Safari is Apple’s default web browser, which comes in-built with Macs. The browser is uncluttered, user-friendly, has an intuitive UI, and is optimized for consuming fewer resources. No matter what you throw at it, the browser can handle it. But sometimes, it may run into unexpected problems. For example, you may encounter a not supported Safari error on your Mac.
This error is the result of incompatibility and outdated software. Check and install macOS and Safari updates to solve the problem. Besides this, most other Safari-related issues can be solved with a quick reboot of your system and closing the extra tabs.
The Safari browser works smoothly most of the time, and there are tons of things you can do with this browser. Some are listed below.
Purge Browsing History Without Losing Website Data
Clear your browsing history to boost Safari’s performance and prevent the accumulation of redundant data. If you do this regularly, you can eliminate the visited web pages, recent searches, the list of downloaded items, etc.
This will make your browser appear as good as new. But the drawback is you might lose website-specific preferences and data in the process. So, when you visit the site the next time, you will receive prompts asking permission to send alerts or track your location. This can be pretty annoying if you need to visit certain websites regularly.
There’s no need to worry because the workaround is easy-peasy.
You can remove the browsing history without losing website data by opening the History menu and pressing the Option key. Instead of choosing the Clear History option, select Clear History and Keep Website Data. This will clear Safari history and keep site-specific settings intact.
Generate Secure Passwords
Delegate the job of generating secure passwords for online accounts and websites to Safari. Relieve yourself for this responsibility, and also Safari can create unique passwords that nobody can guess.
Navigate to Safari > Preferences > Passwords > check the box next to Autofill usernames and passwords. Then, whenever you visit a website asking you to create a password, you will see a tiny key icon in the password field. Clicking on this icon and selecting Suggest New Password will make Safari come up with a password.
Thanks to the Autofill feature turned on, the passwords and usernames will be stored in the Passwords section. They can be retrieved and filled automatically when you visit certain websites.
Organize Tabs into Groups
Are you working with too many tabs simultaneously? This may quickly become confusing if you have to go back and forth between the different tabs to complete your task. Also, this will clutter your browser and make it overwhelming for you to continue your task.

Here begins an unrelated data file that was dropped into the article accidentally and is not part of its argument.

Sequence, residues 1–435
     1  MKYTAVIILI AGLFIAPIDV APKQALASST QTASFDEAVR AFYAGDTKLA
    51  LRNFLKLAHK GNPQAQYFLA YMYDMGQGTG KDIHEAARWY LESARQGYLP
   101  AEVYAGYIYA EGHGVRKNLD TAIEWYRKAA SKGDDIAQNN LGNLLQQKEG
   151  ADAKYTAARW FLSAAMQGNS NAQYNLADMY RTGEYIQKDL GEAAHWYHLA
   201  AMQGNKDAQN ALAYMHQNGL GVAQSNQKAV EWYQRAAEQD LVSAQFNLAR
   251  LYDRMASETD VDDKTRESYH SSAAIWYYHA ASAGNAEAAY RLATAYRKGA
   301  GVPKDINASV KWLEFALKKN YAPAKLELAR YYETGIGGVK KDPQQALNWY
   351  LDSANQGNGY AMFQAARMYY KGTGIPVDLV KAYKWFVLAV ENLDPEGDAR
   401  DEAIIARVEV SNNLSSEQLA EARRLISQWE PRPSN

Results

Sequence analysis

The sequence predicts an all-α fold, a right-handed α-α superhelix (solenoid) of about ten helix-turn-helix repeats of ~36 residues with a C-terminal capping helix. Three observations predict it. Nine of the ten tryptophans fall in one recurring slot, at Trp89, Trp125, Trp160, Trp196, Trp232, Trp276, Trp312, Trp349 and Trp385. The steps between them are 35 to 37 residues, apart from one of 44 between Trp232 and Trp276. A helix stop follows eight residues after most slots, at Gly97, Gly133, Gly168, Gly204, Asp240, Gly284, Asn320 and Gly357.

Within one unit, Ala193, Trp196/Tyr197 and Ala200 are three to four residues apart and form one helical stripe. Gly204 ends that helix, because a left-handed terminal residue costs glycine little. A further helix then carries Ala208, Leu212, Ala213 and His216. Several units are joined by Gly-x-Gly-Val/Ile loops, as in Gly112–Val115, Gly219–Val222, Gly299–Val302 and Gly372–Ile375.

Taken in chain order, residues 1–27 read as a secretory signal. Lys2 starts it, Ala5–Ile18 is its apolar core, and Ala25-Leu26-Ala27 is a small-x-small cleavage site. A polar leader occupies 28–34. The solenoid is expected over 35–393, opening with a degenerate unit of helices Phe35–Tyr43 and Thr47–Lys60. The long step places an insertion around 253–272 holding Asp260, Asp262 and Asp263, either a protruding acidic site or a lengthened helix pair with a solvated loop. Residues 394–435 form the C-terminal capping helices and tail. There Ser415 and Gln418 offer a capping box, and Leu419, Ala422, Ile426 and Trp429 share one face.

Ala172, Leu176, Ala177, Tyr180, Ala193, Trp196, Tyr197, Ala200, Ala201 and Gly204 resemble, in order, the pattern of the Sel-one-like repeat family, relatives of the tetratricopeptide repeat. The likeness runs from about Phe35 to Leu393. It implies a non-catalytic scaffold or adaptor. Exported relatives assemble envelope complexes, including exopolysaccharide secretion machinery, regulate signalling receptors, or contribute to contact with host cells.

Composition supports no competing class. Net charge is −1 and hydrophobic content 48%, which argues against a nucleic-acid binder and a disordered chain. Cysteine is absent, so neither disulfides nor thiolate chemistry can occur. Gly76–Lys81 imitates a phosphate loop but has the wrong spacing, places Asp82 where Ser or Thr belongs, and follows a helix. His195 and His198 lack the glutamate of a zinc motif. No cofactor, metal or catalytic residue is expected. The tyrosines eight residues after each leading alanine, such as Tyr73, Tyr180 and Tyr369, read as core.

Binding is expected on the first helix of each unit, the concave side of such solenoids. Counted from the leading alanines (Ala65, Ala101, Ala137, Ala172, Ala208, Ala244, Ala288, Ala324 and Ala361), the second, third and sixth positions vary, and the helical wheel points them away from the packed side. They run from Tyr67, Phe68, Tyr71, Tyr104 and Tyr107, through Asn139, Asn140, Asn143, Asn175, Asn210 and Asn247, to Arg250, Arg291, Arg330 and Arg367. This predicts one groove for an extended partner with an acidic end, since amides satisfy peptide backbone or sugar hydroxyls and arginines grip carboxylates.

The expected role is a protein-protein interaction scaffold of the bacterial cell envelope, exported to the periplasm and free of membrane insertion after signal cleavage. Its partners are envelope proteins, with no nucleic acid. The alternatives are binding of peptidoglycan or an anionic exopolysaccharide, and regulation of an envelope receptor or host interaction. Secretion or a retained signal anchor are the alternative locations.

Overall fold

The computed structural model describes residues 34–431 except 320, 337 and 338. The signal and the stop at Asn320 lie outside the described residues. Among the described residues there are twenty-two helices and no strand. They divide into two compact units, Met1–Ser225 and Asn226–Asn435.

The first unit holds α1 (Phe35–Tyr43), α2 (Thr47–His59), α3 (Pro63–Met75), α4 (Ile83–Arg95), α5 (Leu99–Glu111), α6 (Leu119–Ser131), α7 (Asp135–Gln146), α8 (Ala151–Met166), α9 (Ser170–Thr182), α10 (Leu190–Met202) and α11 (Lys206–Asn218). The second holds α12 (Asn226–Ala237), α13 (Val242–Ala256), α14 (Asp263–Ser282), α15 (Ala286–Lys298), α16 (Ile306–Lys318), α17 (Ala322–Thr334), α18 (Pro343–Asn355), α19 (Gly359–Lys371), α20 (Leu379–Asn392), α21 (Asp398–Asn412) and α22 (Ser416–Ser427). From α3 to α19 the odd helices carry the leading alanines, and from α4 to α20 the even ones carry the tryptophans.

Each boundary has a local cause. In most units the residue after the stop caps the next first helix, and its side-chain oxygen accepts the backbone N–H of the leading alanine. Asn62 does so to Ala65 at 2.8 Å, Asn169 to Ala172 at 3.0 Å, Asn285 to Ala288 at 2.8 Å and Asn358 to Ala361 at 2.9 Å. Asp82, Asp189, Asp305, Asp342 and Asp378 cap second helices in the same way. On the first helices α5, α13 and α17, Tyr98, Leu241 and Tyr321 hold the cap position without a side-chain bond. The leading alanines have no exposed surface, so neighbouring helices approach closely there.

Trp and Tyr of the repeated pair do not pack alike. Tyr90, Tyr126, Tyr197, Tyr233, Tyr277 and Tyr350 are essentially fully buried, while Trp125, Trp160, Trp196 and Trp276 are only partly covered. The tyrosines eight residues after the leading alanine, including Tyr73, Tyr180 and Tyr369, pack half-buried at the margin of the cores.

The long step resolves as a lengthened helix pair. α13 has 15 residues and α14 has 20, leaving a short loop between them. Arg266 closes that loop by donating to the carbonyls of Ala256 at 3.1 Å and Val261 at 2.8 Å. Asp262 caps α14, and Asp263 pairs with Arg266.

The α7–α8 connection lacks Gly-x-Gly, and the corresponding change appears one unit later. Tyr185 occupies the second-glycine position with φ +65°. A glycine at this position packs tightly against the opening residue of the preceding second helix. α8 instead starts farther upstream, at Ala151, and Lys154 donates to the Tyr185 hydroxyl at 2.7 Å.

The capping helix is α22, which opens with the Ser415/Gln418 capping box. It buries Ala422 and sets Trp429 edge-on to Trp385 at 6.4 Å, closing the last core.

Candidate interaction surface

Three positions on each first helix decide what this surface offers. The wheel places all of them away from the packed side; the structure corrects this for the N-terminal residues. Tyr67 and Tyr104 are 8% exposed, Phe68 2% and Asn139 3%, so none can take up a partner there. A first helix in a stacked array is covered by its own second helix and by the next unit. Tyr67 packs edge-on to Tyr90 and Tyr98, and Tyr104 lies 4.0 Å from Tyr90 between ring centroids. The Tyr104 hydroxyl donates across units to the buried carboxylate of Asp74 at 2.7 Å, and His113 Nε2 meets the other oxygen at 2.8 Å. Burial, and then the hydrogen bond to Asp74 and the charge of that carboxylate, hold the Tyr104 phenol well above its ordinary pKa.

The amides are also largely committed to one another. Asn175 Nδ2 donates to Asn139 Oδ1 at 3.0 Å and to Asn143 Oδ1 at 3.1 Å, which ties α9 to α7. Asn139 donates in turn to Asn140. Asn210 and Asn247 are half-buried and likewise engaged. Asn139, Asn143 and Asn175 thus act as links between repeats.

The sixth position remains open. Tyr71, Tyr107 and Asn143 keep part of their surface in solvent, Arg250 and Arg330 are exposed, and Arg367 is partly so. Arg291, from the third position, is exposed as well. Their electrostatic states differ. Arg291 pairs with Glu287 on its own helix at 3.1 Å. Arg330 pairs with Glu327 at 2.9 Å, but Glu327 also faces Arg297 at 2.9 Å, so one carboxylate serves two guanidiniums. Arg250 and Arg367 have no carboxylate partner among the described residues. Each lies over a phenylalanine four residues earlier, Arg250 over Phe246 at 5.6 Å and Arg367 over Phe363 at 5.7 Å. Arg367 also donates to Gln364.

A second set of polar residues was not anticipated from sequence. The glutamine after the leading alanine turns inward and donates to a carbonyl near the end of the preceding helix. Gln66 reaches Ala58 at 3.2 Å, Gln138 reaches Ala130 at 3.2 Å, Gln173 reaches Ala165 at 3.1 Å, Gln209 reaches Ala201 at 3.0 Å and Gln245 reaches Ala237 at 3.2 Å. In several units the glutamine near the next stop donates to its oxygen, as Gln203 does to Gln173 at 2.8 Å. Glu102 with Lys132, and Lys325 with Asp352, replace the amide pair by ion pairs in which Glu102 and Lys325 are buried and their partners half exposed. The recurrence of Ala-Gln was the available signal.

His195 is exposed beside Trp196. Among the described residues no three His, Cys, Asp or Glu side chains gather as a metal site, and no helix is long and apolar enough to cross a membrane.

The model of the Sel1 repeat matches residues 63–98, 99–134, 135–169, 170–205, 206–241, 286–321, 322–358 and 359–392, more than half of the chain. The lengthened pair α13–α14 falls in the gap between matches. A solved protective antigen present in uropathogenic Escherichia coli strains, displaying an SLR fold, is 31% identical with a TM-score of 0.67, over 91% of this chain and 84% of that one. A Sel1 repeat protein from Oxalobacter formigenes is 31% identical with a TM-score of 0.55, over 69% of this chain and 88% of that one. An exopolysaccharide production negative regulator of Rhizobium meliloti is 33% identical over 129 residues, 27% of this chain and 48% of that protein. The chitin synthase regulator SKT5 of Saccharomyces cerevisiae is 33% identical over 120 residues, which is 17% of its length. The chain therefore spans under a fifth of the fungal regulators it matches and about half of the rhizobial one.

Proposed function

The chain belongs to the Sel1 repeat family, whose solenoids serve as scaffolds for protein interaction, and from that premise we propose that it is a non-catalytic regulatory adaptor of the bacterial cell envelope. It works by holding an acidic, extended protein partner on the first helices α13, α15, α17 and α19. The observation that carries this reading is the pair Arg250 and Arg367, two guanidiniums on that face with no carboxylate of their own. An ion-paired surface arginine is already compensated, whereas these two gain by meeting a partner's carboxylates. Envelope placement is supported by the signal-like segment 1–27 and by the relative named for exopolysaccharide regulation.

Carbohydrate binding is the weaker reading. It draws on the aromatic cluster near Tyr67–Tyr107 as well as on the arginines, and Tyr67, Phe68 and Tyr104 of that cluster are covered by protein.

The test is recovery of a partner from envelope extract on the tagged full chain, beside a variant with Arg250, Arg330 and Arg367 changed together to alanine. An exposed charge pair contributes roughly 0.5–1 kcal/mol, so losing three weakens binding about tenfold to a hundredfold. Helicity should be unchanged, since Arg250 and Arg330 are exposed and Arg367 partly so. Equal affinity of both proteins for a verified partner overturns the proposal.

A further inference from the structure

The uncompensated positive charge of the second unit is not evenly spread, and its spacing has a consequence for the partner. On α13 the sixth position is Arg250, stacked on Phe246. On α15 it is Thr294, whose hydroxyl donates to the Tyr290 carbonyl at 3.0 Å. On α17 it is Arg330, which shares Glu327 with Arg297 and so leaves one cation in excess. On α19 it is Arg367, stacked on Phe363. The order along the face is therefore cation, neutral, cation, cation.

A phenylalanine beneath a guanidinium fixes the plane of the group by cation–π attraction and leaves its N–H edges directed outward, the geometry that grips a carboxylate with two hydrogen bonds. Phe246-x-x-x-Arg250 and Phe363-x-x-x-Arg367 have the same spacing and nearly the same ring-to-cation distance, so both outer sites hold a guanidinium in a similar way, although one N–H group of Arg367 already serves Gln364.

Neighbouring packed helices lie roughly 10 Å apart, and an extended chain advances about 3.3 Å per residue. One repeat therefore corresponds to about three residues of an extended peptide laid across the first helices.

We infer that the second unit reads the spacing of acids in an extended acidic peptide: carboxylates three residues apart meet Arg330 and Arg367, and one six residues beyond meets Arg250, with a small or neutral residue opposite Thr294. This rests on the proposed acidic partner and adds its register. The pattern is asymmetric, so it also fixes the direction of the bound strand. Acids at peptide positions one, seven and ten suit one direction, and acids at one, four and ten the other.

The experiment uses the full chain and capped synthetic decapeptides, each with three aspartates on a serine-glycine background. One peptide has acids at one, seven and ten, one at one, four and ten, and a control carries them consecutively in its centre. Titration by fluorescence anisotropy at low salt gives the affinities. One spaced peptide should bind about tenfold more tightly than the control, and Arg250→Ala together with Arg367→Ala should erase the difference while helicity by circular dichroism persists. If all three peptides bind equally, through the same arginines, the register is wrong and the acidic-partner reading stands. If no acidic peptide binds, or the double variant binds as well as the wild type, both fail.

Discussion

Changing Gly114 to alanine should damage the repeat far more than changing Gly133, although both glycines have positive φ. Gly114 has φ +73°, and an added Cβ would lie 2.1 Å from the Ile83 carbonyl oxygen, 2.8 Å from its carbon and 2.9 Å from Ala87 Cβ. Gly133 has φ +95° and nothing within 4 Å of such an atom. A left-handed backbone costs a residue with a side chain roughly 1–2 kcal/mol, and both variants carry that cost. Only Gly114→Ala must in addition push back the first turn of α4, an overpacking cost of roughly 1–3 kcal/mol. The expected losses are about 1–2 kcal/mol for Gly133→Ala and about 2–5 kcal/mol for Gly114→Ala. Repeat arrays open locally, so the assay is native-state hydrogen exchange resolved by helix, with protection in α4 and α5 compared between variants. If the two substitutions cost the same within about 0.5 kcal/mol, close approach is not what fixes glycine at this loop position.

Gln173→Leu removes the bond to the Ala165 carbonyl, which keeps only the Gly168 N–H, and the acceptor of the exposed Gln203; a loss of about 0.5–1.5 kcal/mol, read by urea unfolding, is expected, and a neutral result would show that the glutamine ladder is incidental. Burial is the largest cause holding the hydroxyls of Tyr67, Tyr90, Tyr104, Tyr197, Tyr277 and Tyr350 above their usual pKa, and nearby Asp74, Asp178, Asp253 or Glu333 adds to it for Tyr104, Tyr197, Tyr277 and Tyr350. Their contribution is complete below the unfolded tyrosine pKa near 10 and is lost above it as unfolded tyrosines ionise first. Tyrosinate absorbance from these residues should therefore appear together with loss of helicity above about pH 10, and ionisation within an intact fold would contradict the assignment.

The solution is to organize the tabs into groups quickly, and then you can switch between related websites.
Create a Tab Group from the tabs in the current window by clicking the down arrow in the Safari app > clicking the Add Tab Group button > choosing New Tab Group with the number of Tabs > entering the name of the group. Press Enter, and the tabs will be neatly organized in the group.
Customize Reader View
The Reader View is considered one of the best Safari features. It offers you a distraction-free version of the online content you are trying to read by stripping all the secondary elements from the page.
The appearance of the Reader mode can be personalized. You can make the font smaller or bigger, customize the font type and even change the background color. Although the alterations aren’t fancy, they do the job.
You can access the customization options when in Reader View by clicking on the Show Reader appearance options icon.
Make Safari Read to You
You can get your daily dose of news without straining your eyes by making Safari read the articles out loud. Switch to Reader mode by clicking the Review View icon or clicking View > Show Reader. This will ensure that the browser reads the primary website content and doesn’t focus on redundant elements, such as navigation text.
With the Review View active, choose Edit > Speech > Start Speaking. Then, click Stop Speaking when you want to stop the audio. Additionally, you can choose a system voice and speaking rate of your choice by going to System Preferences > Dictation & Speech > Text to Speech. The choices will be applied system-wide.
It is also possible to create keyboard shortcuts so you can instruct Safari to read out aloud whenever you want without having to go through the menu and click icons or buttons.
You are underusing the web browser if you’re not doing these things in Safari. Also, remember to take your time to explore the lesser-known features of the browser so you can change how you browse.